An introduction to spray booth filters

Most people are aware that the filters used in a spray booth play an important part in keeping workshops free of toxic fumes. However, they also play a vital part in producing a quality finish. Spray booths are widely used in the motor vehicle industry, but they’re also used in other finishing processes in industries such as furniture making.

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The Health and Safety Executive has detailed guidance for anyone using or managing a spray booth, whether they are applying paint or other materials, such as lacquers.

In all of these industries, the finish matters. Overspraying, or dust contamination, can ruin the final result. No matter how much you spend on high-end equipment in the booth, if the filter is dirty, old, or the wrong one for the job, it will affect the final result.

In addition, a poorly functioning filter means the ventilation system has to work harder and its life cycle is shortened. For the sake of a few filter changes, you could end up replacing the filtration system sooner than necessary. The solution is to build filter changes into your regular maintenance schedule.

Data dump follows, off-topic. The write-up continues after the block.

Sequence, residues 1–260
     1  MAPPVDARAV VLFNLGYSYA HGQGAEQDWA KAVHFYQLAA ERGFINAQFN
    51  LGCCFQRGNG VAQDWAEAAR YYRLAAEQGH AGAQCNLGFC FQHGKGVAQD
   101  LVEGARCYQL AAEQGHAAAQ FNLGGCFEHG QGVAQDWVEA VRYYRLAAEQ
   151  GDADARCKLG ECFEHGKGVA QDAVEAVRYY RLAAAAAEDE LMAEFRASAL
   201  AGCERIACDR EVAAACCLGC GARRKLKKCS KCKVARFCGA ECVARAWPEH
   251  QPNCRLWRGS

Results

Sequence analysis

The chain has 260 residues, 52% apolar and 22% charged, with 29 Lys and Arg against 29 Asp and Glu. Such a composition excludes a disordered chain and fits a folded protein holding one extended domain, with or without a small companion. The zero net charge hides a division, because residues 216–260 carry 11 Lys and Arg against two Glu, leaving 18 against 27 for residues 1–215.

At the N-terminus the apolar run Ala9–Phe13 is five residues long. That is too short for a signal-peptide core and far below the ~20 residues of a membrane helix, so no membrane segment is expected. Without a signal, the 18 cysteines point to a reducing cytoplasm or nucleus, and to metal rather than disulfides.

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How often should filters be changed?

Don’t be tempted to skimp on filters just because you don’t use the booth every day. Older filters are not as efficient because contaminants build up on them, even when not in use. Some of the more advanced paint systems have an alert that tells you when it’s time to change the filter.

Every four weeks, change the exhaust filter, and change the intake filter every three or four months to ensure the spray booth performance remains at its peak. If the spray booth is being heavily used, the filter will need changed more often. Check the instructions to see how many hours the filter should be used.

Air quality matters

It’s also a good idea to select your filters from an online store that has a really wide selection, such as, so you can choose the appropriate filter not only for your system but also for your work schedule.

Finally, our air is becoming more polluted daily, so when you’re choosing your filter, take into account the quality of the outside air that is being drawn into the ventilation system.

Author: Richard Brown

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